First steps with Selenium – Selenium IDE tool
If you would like to learn more about the practical side of test automation, but you are not quite sure where to start – Selenium IDE might be the answer. The goal of the following post, which I’ve structured as a mini-tutorial, is to provide an overview of the basic functions of Selenium IDE, its possibilities and limitations.
To be able to work with Selenium IDE you will need the Firefox browser. After it is installed, you will need to download the Selenium IDE installer from: http://seleniumhq.org/download/. When Selenium IDE is installed, it is then available as a Firefox plugin.
The easiest way to see what Selenium IDE provides is to use it for the purpose it was created for: to record a test.
We will execute and record a simple test: using Google we will search for kainos.pl page and then open the page and make sure this action was successful.
We need to start Selenium IDE and then press the round red button – this will start recording of our test. Next, in the new window of the Firefox browser we go to www.google.pl and put the phrase that we are going to look for – “kainos.pl” into the search form, and then press the Search button.
When the above steps are executed, we should see search results similar to the ones below:
Let’s get back to the Selenium IDE window. You should see the actions we have just performed were saved and also “translated” into the commands that Selenium IDE is able to understand (Selenium commands are in a language called Selenesse). The Base URL field has also been filled in automatically.
The open command opens the URL address specified with the Target parameter. In this case the value of / means the Base URL address will be used. The type command is then used to type the value specified with the Value parameter into the form field specified with the Target parameter.
More details on the particular Selenesse commands can be found under the Reference tab of Selenium IDE.
Identifying the UI elements
While the value of the type command’s Value parameter is rather obvious (it simply specifies the text we want to put into the input field of the searching form), the Target parameter’s value is not so obvious.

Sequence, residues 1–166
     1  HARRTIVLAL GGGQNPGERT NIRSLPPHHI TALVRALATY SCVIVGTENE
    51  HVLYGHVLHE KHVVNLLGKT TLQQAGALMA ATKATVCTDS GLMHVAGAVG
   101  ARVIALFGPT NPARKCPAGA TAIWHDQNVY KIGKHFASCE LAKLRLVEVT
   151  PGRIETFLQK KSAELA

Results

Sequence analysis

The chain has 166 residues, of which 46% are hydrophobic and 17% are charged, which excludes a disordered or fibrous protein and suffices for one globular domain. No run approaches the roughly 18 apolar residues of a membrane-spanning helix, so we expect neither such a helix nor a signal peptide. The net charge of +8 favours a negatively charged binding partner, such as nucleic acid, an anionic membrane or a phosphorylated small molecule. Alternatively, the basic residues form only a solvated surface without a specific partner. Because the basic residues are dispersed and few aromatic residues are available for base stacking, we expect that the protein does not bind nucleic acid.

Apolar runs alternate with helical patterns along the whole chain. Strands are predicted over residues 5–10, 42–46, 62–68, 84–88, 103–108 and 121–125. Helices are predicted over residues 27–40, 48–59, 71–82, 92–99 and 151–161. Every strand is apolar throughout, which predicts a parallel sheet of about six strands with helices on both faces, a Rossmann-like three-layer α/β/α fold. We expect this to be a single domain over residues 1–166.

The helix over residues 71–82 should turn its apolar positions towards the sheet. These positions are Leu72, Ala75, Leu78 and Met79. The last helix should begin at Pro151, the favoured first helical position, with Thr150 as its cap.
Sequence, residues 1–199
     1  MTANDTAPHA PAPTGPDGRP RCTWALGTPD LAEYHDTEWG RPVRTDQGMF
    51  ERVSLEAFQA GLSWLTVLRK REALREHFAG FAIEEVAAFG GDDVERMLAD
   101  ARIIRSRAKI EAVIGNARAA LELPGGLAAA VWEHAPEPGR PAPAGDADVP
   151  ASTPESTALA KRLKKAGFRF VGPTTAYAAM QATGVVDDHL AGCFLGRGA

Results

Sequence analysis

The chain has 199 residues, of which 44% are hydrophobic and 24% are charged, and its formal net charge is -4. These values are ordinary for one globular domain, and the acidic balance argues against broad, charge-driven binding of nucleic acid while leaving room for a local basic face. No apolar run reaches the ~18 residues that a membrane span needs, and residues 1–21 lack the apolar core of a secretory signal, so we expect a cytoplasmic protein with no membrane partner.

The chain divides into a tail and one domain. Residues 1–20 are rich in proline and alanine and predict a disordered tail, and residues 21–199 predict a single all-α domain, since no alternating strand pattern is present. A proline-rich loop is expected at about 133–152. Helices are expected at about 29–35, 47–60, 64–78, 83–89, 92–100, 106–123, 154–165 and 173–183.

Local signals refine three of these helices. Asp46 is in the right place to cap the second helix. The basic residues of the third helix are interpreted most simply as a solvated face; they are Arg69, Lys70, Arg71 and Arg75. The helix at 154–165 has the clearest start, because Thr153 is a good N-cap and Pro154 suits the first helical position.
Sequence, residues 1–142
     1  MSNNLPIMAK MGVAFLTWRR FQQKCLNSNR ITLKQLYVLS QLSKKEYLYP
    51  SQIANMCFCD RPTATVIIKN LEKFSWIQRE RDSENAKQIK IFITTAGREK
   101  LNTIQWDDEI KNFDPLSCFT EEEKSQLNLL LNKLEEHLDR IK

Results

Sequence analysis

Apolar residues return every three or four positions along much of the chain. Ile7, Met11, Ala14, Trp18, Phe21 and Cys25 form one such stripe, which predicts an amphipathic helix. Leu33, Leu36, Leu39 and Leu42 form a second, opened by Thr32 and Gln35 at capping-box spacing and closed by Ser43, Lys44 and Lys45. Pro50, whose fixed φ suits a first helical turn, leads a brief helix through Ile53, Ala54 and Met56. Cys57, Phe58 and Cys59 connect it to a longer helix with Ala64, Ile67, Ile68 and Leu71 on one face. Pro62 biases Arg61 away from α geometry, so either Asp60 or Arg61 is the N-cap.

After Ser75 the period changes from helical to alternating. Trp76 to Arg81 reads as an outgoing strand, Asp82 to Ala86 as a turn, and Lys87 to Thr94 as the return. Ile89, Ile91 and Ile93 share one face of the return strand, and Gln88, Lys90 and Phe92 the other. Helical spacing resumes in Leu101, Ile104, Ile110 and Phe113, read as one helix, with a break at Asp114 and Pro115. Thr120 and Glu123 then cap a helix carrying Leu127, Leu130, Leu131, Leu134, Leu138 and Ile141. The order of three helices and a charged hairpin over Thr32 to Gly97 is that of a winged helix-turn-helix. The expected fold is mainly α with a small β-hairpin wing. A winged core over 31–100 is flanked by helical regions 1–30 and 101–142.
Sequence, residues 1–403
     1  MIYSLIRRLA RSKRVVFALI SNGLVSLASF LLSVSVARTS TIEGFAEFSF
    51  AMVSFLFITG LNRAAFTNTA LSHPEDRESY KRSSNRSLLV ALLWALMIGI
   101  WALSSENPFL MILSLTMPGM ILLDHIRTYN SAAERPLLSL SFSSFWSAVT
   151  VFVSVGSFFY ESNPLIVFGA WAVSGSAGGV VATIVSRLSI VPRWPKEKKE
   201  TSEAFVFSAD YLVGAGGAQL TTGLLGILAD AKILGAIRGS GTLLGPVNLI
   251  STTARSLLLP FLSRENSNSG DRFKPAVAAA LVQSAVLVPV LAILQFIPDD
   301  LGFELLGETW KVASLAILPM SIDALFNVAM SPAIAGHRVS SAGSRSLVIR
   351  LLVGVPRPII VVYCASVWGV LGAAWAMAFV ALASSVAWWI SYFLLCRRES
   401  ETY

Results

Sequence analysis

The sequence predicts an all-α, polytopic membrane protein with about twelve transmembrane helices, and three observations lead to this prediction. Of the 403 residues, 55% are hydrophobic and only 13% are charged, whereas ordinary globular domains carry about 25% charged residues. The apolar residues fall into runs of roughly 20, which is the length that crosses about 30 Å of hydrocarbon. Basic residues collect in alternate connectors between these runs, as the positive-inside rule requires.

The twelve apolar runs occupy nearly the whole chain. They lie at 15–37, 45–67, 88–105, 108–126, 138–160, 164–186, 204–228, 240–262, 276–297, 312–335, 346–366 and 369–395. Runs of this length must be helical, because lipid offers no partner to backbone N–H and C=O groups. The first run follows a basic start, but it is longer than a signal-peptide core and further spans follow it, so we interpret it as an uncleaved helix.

In case of the methods interacting with the web page elements (such as type or click), the Target parameter identifies the page’s element for which the given action should be executed.
In our case we used the id identifier to identify the page’s elements. The natural question here is where this value is taken from. To be able to answer it, we will need to take a closer look into the source code of the web page. The Inspect Element option available in the newer versions of Firefox will be extremely helpful here.
Clicking the right mouse button on the search field of the Google page, we choose the Inspect Element option. As the result, the information on the chosen element will be displayed. We will also be able to preview the source code containing the element we clicked.
The text marked with green in the above picture is the id attribute of the form’s input field that we have been looking for (the text marked with blue is the value of class attribute). The mentioned attributes can also be found directly in the source code of the page.
Finding elements using the id attribute value is not the only available option the Selenium IDE can handle. What is more, in case of the pages where the id value is generated automatically and differs each time the page is loaded, this way of element identification may be insufficient.
Other popular ways of element identification are:
Extending the test
Selenium IDE does not only allow you to record the steps you are performing during your test execution, but also lets you extend the already recorded test with additional steps in a very convenient way, using the context menu.
So far our test is executing the following steps:
We will now make sure that the searching results are as expected, so that the kainos.pl site is displayed within the searching results.
Right-clicking on the kainos.pl site link we will gain an access to the Selenium IDE context menu. Thanks to this menu we will be able to choose from the list of Selenium commands that are the most suitable for the element we clicked. Selenium IDE will suggest which commands are the most appropriate ones, but we still have the ability to choose from all of the other available commands using the Show All Available Commands option, so we have a full control on what is actually put in our test.
From the list of commands suggested by Selenium IDE we choose verifyTextPresent(…) and we add it as a subsequent step of our test. Next we run the test using the Play Current Test Case button.